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Guinea Bissau reaches $47 mln deal on submarine cable

Comments (0) Latest Updates from Reuters

BISSAU (Reuters) – Guinea Bissau has agreed a memorandum of understanding with the World Bank, Orange and MTN for a $47 million project to link the country to a submarine telecoms cable connecting Africa with Europe, the government said on Wednesday.

Under the agreement, French telecoms company Orange and South Africa’s MTN Group will form a consortium with the government of the West African country, the statement by the finance and transport ministries said.

“The World Bank unlocks $31.596 million in the form of a loan to connect Bissau to the international fibre optic cable,” said the finance and transport ministries in a joint statement.

Guinea Bissau will be hooking up to the ACE (Africa Coast Europe) cable, the statement said, one of five linking countries in West Africa to Europe. Guinea Bissau will the be last coastal country in the region to link to a submarine cable.

Orange and MTN will provide about $8 million each over a five-year period, the statement said.

The project is due to be completed in 18 months and officials said it would improve internet speeds and reduce communication costs in the poor, Portuguese-speaking country.

Only 3.8 percent of individuals in the country of 1.8 million are internet users, according to the U.N.’s International Telecommunication Union.


(Reporting by Alberto Dabo; writing by Emma Farge; editing by David Clarke)

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South African black lobby disappointed by MTN’s new white CEO

Comments (0) Africa, Latest Updates from Reuters, Politics

JOHANNESBURG (Reuters) – South Africa’s Black Management Forum (BMF) said it was disappointed by the appointment of white South African Rob Shuter as MTN Group’s new CEO and viewed it as a serious blow to giving blacks a larger role in business.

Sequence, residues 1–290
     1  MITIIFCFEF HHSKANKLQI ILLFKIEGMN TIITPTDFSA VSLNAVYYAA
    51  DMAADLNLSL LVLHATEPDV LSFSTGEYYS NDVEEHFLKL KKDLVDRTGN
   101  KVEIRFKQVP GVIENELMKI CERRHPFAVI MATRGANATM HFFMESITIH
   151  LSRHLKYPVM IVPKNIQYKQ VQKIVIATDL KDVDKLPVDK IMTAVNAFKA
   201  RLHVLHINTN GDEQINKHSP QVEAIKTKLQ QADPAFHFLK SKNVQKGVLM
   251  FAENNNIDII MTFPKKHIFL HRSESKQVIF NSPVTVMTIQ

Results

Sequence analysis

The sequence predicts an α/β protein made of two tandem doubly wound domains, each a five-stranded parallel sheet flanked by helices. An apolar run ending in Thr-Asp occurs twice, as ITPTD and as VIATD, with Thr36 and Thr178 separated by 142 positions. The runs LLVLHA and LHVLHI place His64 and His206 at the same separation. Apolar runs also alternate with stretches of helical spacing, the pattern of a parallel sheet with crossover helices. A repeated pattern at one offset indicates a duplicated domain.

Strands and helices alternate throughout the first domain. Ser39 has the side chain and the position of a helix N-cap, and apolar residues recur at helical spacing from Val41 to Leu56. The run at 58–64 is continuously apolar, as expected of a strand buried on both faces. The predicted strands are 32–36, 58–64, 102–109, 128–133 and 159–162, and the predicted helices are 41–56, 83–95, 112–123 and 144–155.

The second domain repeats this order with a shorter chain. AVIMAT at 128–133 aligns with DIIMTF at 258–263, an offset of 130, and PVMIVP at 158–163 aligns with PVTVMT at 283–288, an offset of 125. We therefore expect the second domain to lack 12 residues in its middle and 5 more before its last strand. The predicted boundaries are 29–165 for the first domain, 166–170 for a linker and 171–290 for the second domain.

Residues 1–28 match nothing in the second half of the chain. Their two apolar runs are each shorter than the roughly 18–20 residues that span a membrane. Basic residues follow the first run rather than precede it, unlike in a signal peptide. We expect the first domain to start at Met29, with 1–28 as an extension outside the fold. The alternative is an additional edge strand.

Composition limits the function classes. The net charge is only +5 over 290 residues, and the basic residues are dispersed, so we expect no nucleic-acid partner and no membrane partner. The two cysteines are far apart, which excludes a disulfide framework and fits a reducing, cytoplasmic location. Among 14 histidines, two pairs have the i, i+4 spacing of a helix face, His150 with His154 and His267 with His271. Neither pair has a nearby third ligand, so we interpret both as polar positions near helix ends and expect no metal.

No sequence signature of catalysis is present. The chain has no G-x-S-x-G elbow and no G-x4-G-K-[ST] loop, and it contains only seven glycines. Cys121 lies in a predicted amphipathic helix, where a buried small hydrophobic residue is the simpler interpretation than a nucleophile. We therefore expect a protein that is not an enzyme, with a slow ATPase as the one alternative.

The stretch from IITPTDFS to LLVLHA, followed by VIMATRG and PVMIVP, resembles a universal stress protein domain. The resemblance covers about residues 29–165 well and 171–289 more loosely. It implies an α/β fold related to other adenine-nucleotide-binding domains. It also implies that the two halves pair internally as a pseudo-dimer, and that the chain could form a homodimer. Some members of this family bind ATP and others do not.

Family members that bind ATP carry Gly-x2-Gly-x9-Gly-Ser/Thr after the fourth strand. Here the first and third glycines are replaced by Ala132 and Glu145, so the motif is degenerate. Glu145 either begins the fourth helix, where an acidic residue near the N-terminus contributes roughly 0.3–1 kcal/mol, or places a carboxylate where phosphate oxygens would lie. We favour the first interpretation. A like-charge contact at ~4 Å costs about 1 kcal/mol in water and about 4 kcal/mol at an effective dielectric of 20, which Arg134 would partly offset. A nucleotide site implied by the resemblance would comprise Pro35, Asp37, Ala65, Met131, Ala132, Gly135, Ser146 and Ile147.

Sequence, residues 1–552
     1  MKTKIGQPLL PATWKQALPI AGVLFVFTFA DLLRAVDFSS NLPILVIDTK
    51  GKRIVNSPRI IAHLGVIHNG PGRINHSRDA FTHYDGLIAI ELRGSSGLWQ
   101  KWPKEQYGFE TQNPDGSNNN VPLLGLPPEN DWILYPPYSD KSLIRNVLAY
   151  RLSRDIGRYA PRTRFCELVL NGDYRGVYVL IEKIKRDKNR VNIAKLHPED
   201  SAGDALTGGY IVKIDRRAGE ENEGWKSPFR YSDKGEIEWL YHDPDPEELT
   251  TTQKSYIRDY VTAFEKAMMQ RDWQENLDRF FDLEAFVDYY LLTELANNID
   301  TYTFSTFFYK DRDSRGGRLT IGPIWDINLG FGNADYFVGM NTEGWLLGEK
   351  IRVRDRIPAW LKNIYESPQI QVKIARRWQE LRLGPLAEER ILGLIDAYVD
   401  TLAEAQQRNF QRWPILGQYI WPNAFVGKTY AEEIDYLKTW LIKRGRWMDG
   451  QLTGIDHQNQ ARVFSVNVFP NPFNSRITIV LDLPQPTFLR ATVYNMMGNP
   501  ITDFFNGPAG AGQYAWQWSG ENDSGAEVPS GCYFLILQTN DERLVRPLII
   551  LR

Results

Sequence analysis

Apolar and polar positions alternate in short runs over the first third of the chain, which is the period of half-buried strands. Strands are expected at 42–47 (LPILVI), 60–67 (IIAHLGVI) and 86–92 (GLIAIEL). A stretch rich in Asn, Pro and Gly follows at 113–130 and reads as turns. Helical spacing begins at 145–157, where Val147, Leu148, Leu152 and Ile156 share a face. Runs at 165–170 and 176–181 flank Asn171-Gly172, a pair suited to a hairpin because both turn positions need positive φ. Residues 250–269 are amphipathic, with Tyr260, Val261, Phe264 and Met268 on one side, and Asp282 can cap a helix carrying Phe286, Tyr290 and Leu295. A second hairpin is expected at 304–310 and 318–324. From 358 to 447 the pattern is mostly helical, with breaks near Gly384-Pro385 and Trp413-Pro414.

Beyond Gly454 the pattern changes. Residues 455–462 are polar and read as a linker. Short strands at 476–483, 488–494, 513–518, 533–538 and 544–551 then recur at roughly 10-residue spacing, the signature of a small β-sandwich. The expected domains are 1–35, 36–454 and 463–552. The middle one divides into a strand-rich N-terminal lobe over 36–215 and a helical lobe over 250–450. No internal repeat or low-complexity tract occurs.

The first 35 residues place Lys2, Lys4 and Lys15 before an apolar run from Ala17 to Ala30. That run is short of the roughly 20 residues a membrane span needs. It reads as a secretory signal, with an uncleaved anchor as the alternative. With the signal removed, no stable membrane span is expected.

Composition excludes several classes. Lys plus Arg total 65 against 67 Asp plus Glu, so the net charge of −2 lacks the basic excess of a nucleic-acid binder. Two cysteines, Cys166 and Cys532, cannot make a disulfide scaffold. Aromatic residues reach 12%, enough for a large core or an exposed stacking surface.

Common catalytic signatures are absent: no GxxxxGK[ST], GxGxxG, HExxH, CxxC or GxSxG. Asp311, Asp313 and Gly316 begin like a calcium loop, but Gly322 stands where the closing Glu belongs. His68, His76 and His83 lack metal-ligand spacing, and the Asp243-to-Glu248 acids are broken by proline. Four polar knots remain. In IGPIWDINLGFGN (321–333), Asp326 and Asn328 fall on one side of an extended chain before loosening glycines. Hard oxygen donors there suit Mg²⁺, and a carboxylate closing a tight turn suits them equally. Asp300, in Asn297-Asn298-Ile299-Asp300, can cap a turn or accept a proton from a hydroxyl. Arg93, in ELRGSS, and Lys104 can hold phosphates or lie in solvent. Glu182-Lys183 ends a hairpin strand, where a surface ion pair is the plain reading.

The forum, which lobbies for black rights, criticised the mobile phone operator’s decision saying it was retrogressive to plans for the inclusion of blacks in corporate boardrooms in Africa’s most industrialised country.

Shuter was named on Monday as the replacement for Sifiso Dabengwa, a black executive who resigned last November after Nigeria imposed a fine on MTN for failing to deactivate more than five million unregistered SIM cards.

“There is a general unwillingness for transformation at top management level which has resulted in the decline in the number of black South African CEOs,” BMF President Mncane Mthunzi said in a statement. “These companies are owned by the public and yet they don’t reflect the demographics of our society.”

MTN spokesman Chris Maroleng had no immediate comment but said the company would respond later via an emailed statement.

Founded with the government’s help after the end of apartheid in 1994, MTN has been touted as one of South Africa’s biggest corporate success stories with operations in more than 20 countries in the Middle East and Africa.

Since coming to power at the end of white minority rule, the African National Congress party has pushed for change in the complexion of the civil service, the military and state-owned firms, as well national sports teams and private businesses.

The push has helped many South Africans who were excluded from the mainstream economy under apartheid and created a solid black middle class.

MTN executive Phuthuma Nhleko, also black, was appointed interim executive chairman following Dabengwa’s resignation, with an eye to renegotiating the Nigerian fine which was initially set at $5.2 billion.

In the end, MTN agreed this month to pay a 330 billion naira fine ($1.2 billion) and to list its local business on the Nigerian Stock Exchange. MTN is the largest mobile phone operator in Nigeria with 62 million subscribers and the country accounts for about a third of its revenue.

Nhleko will revert to his role as non-executive chairman when Shuter starts as CEO, which is expected to be by July next year at the latest. Shuter, who has a background in risk management, will be joining MTN from rival mobile operator Vodafone, where he is currently head of Vodafone Europe.

($1 = 283.0000 naira)


(Reporting by Tanisha Heiberg; editing by James Macharia and David Clarke)

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